Parashat Ki Tisa 5775–Shabbat Torah Study—Praying in a Cloud

This week’s Parasha contains the difficult to understand sin of the golden calf. It contains the destruction of the First Tablets on which God inscribed the 10 Commandments. Most important, however, and perhaps less explicable is that God replaced the Tablets (so to speak as the second set was man-made) and forgave the people.

It is not clear that the people were deserving of forgiveness. That is pretty good news. God seems willing to forgive us, even when we are not truly and fully deserving.

God gives us the formula for obtaining forgiveness. It is a liturgy that is familiar to any who attend Yom Kippur services as we say it frequently. It has become known as the “13 Attributes of God” or the “Covenant of the 13.” It is “Brit Shelosh Esrei.” Exodus 34:6-7. Remember “Adoshem, Adoshem, Kayl Rachum v’Chanun, Erech Apyim, v’Rav Chesed v’Emet…”? We also repeat it 3 times on the Shalosh Regalim (except on Shabbat).

God comes down in a cloud … and says: “The LORD, the LORD, God, merciful and gracious, long-suffering and abundant in goodness and truth; keeping mercy unto the thousandth generation, forgiving iniquity and transgression and sin….”

The Rabbis debate the formula, not in terms of its quality, but how it is to be used. It is to be recited as a Mantra? Some say yes. Is it to be considered an order for one’s prayer and the liturgy we follow? Some say yes. Clearly, however, they are not magic words that automatically result in healing once they are uttered. So how is this a formula for forgiveness?

Others of our Sages say that it is a formula for how we are to emulate God and when we are merciful, gracious, patient with others, good and true, God will be forgiving.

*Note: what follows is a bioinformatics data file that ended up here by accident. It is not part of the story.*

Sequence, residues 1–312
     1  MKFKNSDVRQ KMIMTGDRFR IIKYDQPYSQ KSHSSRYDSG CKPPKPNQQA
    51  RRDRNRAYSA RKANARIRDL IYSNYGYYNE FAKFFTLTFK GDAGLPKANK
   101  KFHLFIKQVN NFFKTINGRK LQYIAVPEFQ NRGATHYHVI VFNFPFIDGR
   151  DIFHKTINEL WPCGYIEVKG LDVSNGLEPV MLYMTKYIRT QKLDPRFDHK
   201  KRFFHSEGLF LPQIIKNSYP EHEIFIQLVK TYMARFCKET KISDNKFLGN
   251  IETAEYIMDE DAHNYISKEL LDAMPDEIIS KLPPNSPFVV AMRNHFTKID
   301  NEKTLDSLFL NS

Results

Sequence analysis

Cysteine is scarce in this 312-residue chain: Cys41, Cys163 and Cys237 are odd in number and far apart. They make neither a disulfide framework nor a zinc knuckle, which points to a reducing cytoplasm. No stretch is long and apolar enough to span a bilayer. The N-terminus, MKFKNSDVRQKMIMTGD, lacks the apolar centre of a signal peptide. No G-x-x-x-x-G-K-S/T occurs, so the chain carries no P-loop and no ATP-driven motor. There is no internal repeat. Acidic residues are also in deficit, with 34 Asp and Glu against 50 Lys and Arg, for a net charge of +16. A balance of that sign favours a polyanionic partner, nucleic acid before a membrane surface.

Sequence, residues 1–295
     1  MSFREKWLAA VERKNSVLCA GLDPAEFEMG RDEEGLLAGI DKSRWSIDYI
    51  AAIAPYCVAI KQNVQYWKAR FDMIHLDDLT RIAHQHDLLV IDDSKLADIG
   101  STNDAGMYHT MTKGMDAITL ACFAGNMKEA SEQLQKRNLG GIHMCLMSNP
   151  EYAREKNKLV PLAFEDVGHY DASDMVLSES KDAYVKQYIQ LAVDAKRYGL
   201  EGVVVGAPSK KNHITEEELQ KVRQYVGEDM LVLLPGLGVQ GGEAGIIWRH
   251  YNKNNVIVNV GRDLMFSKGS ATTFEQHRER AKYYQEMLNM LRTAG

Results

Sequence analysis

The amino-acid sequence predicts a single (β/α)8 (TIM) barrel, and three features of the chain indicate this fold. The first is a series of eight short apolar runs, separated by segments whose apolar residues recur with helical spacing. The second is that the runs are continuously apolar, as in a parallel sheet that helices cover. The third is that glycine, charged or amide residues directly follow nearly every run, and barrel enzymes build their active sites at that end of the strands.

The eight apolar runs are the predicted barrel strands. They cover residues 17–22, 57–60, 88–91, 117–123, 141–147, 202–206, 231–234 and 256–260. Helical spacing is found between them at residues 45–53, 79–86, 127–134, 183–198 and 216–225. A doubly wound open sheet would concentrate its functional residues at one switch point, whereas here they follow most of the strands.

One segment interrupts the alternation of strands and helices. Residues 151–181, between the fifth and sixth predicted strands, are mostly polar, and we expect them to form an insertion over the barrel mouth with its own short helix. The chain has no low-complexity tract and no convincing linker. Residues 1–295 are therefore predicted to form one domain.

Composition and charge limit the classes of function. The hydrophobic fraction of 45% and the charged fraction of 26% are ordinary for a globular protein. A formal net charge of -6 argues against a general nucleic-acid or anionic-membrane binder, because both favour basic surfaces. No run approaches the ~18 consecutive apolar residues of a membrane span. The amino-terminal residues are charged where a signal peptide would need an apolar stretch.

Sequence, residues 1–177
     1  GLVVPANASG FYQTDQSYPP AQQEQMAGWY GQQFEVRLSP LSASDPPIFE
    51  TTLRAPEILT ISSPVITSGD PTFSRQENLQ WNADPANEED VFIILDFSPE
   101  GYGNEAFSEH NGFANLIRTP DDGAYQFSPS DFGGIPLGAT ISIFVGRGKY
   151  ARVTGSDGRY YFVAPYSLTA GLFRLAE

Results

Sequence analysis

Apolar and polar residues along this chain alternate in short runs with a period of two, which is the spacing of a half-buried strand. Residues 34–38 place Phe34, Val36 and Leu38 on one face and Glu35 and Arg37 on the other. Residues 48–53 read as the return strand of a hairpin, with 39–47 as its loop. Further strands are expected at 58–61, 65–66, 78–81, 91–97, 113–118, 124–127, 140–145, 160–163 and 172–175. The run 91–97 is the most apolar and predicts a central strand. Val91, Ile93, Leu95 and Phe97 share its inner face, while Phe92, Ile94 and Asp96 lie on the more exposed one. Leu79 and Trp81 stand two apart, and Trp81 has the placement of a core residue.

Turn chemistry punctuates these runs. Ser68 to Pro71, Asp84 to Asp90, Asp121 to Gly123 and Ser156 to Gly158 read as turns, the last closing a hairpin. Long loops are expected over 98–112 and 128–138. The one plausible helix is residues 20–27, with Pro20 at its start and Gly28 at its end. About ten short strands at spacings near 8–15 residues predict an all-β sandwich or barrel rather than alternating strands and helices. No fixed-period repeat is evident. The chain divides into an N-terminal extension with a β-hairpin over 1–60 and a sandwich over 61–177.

I read from Rabbi Yissocher Frand who quotes the Sefer Mikdash Mordechai from Rav Mordechai Rogov, that God “coming down in a cloud” showed that God was wrapped in a Tallit as if as a Shaliach Tzibbur—a prayer leader on behalf of the entire congregation. The message is that when we pray and when we act, we must not be focused merely on ourselves and our own needs, but on the needs of others and the community.

Rav Rogov found the symbol of the cloud to be a great metaphor for the state many of us find ourselves in daily. We walk around “in a cloud.” We may be so focused on ourselves that we cannot see beyond our own needs. When God utters these attributes, God is in a cloud. Yet, God is forgiving of those in need.

The Rabbis thus tell us, that for welfare and forgiveness we must not only invoke the attributes of God and try to emulate them in our daily lives, but we must also be unselfish.

We must be thinking about and praying for the needs of others. After the huge sin of the golden calf, the people were saved and forgiven not on their own merit, but because Moshe pleaded with God for that. Moshe prayed for others.

We learn that in how we pray for and bless others will be how we ourselves are blessed.

This Shabbat we learn with Rabbi Herbert Yoskowitz who, in this Parasha of the golden calf, will be teaching us on the nature of idolatry and how it resonates even today. 9:45 a.m. in the Shiffman Chapel. Come as you are. Stay as long as you like.

Shabbat Shalom,

Paul

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